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Eur Heart J. 2009 November; 30(21): 2584–2592.
Published online 2009 July 16. doi:  10.1093/eurheartj/ehp288
PMCID: PMC2771146
Editor's Choice

The relationship between body mass index, treatment, and mortality in patients with established coronary artery disease: a report from APPROACH



Our objective was to examine the association between body mass index (BMI) and survival according to the type of treatment in individuals with established coronary artery disease (CAD).

Methods and results

Patients with CAD were identified in the Alberta Provincial Project for Outcome Assessment in Coronary Heart Disease (APPROACH) registry between January 2001 and March 2006. Analyses were conducted separately by treatment strategy [medical management only, percutaneous coronary intervention (PCI), or coronary artery bypass grafting (CABG)]. Patients were grouped according to six BMI categories. Multivariable-adjusted hazard ratios (HRs) for mortality were calculated using the Cox regression with the referent group for all analyses being normal BMI (18.5–24.9 kg/m2). The cohort included 31 021 patients with a median follow-up time of 46 months. In the medically managed only group, BMIs of 25.0–29.9 and 30.0–34.9 kg/m2 were associated with significantly lower mortality compared with normal BMI patients (adjusted HR 0.72; 95% CI 0.63–0.83 and adjusted HR 0.82; 95% CI 0.69.0–0.98, respectively). In the CABG group, BMI of 30.0–34.9 kg/m2 had the lowest risk of mortality (adjusted HR 0.75; 95% CI 0.61–0.94), whereas in the PCI group, BMI of 35.0–39.9 kg/m2 had the lowest risk of mortality (adjusted HR 0.65; 95% CI 0.47–0.90). Patients who were overweight or have mild or moderate obesity were also more likely to undergo revascularization procedures compared with those with normal BMI, despite having lower risk coronary anatomy.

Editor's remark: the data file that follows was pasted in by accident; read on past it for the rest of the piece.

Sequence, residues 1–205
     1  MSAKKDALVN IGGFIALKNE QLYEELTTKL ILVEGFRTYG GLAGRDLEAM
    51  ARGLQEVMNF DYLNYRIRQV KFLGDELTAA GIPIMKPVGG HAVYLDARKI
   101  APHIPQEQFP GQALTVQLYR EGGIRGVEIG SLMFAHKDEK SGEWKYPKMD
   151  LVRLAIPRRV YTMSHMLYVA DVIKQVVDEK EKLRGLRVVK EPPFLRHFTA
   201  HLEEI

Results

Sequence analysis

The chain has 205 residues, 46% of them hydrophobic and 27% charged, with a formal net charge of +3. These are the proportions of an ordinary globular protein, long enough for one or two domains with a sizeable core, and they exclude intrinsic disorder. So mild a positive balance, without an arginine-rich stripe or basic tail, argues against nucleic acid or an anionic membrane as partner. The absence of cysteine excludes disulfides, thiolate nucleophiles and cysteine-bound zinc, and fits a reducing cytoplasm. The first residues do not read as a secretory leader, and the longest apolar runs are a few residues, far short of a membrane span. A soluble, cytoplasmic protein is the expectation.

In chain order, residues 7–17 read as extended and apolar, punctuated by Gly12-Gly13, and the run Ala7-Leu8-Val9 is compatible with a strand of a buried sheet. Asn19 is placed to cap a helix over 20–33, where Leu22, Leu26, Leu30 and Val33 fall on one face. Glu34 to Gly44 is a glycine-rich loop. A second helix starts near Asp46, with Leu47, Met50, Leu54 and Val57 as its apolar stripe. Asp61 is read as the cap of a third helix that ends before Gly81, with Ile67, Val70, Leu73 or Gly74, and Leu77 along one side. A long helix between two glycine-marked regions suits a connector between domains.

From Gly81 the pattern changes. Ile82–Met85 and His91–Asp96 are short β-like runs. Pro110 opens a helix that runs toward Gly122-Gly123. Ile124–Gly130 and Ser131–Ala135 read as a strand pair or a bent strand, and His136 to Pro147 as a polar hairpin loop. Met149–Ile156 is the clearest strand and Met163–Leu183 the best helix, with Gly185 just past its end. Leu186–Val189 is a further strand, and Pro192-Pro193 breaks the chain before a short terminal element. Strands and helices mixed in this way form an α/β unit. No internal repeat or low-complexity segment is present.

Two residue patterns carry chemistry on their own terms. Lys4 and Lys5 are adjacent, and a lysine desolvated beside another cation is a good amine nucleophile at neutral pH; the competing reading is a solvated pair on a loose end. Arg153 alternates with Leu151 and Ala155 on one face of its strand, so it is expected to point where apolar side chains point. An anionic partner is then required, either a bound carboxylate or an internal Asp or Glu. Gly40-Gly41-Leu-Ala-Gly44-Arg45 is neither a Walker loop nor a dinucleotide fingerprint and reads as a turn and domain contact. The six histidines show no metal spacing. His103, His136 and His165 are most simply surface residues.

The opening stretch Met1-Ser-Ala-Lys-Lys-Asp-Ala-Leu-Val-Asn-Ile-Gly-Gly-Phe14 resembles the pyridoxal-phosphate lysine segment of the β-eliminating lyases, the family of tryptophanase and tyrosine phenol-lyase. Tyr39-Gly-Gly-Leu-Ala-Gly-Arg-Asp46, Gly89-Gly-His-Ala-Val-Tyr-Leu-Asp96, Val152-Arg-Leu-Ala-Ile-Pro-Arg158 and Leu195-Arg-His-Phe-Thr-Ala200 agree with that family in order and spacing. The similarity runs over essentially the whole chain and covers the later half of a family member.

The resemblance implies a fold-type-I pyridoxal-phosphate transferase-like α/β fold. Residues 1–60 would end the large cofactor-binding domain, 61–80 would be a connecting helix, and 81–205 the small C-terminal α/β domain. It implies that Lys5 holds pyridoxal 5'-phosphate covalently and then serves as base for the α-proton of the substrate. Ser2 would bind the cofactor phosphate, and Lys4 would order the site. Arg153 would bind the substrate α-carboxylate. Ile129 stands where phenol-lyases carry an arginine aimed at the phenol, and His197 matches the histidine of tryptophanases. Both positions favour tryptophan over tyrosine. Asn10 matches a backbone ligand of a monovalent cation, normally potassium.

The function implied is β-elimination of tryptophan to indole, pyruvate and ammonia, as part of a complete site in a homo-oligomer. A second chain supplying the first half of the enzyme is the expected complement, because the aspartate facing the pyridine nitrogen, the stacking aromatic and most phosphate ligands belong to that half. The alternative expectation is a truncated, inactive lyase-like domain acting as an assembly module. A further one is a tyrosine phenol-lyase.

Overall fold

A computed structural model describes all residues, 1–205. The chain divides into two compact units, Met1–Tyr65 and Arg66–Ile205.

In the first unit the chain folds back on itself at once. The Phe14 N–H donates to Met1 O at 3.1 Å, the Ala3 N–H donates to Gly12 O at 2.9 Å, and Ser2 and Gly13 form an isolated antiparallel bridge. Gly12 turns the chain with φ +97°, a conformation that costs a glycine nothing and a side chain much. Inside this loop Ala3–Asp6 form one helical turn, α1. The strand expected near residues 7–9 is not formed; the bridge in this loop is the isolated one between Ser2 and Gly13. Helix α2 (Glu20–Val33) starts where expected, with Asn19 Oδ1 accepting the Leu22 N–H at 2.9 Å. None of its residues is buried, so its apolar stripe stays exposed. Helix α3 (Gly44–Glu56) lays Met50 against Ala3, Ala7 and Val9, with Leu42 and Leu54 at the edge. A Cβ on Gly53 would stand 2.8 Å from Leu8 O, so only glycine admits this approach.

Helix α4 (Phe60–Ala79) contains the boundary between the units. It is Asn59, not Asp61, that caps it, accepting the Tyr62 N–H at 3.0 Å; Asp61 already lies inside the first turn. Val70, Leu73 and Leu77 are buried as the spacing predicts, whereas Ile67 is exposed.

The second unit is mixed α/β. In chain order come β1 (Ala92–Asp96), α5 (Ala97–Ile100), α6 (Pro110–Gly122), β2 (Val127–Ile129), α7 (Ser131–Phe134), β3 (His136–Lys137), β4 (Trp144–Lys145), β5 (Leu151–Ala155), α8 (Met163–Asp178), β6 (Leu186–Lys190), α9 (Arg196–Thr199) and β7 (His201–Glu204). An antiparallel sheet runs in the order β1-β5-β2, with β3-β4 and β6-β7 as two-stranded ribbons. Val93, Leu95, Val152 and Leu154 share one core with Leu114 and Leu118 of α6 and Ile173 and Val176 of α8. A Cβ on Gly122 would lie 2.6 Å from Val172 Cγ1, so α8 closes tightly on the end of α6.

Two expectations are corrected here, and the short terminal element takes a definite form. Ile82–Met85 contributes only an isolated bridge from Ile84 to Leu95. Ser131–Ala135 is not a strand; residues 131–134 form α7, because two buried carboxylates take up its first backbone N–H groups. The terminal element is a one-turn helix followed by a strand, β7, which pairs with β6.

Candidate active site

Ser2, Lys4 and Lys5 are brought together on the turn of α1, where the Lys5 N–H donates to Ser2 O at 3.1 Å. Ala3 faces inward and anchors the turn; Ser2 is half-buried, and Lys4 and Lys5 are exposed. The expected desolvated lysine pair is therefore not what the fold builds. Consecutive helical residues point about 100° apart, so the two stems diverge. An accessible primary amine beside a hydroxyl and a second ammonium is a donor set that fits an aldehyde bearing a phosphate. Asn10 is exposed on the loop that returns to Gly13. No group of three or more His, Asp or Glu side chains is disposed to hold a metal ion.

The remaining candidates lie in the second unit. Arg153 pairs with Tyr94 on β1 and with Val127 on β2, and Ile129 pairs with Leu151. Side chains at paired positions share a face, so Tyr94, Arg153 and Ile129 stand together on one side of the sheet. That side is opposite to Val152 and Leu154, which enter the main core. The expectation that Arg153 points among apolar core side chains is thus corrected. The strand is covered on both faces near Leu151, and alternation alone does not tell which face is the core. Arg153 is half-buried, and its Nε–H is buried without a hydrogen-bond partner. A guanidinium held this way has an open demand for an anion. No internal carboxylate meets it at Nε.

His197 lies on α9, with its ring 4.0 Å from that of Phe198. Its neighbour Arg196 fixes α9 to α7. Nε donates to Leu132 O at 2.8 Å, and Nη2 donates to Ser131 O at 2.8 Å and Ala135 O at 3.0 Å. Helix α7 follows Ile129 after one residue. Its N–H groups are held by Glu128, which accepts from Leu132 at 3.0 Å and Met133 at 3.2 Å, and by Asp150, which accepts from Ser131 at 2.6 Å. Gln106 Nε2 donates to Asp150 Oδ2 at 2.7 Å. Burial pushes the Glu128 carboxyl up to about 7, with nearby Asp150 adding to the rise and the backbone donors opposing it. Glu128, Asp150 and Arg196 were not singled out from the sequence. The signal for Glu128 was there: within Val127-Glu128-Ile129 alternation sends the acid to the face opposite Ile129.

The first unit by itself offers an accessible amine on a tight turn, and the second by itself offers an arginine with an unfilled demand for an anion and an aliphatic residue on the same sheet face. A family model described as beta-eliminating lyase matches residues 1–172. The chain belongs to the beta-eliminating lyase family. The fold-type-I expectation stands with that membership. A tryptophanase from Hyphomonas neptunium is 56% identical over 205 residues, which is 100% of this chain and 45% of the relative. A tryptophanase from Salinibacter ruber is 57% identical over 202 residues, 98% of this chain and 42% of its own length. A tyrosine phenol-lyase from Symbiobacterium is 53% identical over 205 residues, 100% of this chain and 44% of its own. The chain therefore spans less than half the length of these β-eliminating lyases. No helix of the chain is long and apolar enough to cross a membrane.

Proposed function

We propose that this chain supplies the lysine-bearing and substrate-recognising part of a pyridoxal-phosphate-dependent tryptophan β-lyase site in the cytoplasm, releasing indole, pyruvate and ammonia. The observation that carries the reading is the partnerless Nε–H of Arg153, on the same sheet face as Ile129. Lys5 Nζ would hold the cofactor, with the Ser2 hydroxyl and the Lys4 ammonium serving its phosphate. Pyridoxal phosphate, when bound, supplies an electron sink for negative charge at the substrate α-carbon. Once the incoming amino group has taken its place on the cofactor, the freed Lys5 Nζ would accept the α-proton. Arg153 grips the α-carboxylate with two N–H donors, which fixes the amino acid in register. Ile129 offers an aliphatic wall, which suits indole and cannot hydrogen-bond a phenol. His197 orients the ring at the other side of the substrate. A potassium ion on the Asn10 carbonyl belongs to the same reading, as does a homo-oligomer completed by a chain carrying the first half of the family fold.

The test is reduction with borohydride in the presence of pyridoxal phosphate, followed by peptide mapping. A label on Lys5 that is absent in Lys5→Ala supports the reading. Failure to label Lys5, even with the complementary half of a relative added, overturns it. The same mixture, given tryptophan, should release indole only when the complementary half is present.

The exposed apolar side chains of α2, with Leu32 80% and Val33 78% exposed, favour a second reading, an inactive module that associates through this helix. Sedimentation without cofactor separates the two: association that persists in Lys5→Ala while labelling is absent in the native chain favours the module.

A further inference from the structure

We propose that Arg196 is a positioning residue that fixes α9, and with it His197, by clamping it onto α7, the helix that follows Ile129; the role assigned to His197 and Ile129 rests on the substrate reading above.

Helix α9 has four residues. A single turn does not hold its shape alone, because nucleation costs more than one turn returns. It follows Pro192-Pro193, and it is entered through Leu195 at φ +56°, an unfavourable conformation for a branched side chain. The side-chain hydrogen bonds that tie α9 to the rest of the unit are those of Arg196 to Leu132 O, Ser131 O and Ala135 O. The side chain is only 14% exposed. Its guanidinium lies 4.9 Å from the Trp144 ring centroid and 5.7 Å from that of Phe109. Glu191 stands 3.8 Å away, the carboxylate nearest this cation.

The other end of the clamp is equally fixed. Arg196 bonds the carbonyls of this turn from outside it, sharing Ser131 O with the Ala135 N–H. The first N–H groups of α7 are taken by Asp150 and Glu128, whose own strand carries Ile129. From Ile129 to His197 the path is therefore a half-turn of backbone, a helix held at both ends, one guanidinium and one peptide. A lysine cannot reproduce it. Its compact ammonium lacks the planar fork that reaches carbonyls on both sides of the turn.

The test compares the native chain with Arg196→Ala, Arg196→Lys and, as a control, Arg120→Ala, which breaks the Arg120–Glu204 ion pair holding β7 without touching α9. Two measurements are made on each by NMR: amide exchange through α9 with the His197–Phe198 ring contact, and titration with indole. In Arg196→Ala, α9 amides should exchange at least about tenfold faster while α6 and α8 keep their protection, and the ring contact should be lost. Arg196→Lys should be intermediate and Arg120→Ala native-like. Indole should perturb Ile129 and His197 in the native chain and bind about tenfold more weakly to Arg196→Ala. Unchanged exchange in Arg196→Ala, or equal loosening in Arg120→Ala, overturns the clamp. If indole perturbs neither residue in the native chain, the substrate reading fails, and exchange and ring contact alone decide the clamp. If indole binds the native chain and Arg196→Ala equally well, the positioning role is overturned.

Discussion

A paradoxical association between BMI and survival exists in patients with established CAD irrespective of treatment strategy. Patients with obesity may be presenting earlier and receiving more aggressive treatment compared with those with normal BMI.

Keywords: Obesity, Coronary disease, Mortality, Epidemiology